Over thousands of years, humans and dogs have formed a bond unmatched by any other species, dubbing them, “man’s best friend.” While most canines naturally offer companionship and loyalty, they are still animals whose actions and intentions cannot be completely controlled or predicted.
The American Humane Association reports an estimated 4.7 million dog bites occur annually in the United States, almost 800,000 of which require medical care. Sadly, on too many occasions these attacks are unprovoked, and many of them happen to children. Those same statistics show that two-thirds of dog bites happen to individuals who already know the animal. Because of this, it is crucial to learn and follow the steps to take in order to avoid a dog bite.
Steps to Take to Avoid a Bite
Whether the dog is your own or one you pass on a walk, keep the following tips in mind in order to prevent and avoid being bitten by a dog.
Be polite – Like humans, dogs require a certain amount of respect and personal space to feel comfortable in their surroundings. Crowding a dog can instantly make them feel threatened, which will only increase the probability of attack.
Take cues from body language – Watch for any of the following signs that the dog is defensive:
- Ears are back
- Stiff tail
- Whites of eyes are showing
- Backing away
- Intense stare
- Tensed body
- Flicking tongue
- Teeth are barred
If a dog is about to attack
- Do not scream
- Do not run – remain still
- Avoid eye contact
- Wait until the dog loses interest, then slowly back away
- Offer a piece of clothing, purse, or anything that you can put between you and the dog
- If you fall, curl into a ball with your hands over your ears and remain motionless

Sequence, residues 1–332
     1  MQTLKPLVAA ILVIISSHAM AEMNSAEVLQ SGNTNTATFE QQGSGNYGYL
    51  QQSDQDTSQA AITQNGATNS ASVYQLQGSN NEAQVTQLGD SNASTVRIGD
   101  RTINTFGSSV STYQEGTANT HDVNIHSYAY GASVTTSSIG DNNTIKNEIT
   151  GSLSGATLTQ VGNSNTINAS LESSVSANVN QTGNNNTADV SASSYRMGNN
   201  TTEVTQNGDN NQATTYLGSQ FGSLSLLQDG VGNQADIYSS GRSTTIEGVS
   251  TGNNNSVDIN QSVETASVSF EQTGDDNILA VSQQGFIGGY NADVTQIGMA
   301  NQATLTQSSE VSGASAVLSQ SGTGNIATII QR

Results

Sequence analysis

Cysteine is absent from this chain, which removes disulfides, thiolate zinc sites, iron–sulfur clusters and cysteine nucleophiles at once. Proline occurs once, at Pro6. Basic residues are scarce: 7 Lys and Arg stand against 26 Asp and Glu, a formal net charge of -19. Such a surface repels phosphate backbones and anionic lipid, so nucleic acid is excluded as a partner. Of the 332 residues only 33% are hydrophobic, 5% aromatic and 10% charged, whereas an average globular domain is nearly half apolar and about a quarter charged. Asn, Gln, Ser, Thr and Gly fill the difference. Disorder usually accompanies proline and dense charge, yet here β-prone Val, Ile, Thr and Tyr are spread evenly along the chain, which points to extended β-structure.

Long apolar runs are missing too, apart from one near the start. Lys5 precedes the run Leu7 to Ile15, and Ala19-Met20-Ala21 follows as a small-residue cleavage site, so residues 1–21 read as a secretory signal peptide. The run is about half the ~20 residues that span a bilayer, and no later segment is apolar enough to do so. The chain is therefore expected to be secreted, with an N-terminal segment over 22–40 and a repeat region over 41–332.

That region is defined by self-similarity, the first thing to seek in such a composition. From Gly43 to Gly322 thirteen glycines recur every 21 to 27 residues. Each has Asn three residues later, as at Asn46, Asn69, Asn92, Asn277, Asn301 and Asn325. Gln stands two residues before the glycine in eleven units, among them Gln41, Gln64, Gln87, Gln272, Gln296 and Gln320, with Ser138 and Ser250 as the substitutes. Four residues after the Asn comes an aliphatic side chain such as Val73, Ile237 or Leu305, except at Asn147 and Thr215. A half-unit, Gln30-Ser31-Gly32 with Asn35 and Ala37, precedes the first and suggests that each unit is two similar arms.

Following these steps could mean the difference between sustaining a serious, life-threatening bite and getting away relatively unscathed. It is vital that each of these tips is observed, even if you do not believe that something as small as making eye contact with a dog is important— dogs are instinctive creatures that pick up on any detail that could spell danger to them.
Children should be sure to avoid pulling on a dog’s ears, their tail, or attempting to play while the dog is sleeping or eating, as these can all put the dog on the defensive and a small child can get seriously hurt or killed from a bite wound.
What to do if You are Bitten by a Dog
The first reaction may be panic, but fighting this urge can help you or your loved one survive. Keep a cool head and following these steps if you are bitten by a dog:
- Clean the wound immediately with cool water
- Seek medical attention as soon as possible
- Apply gentle pressure to the wound with a clean cloth until you are able to make it to the doctor
- Gather as much information about the dog as possible, such as vaccinations, recent bites
- Determine who the dog’s owner is
- Report the bite to animal control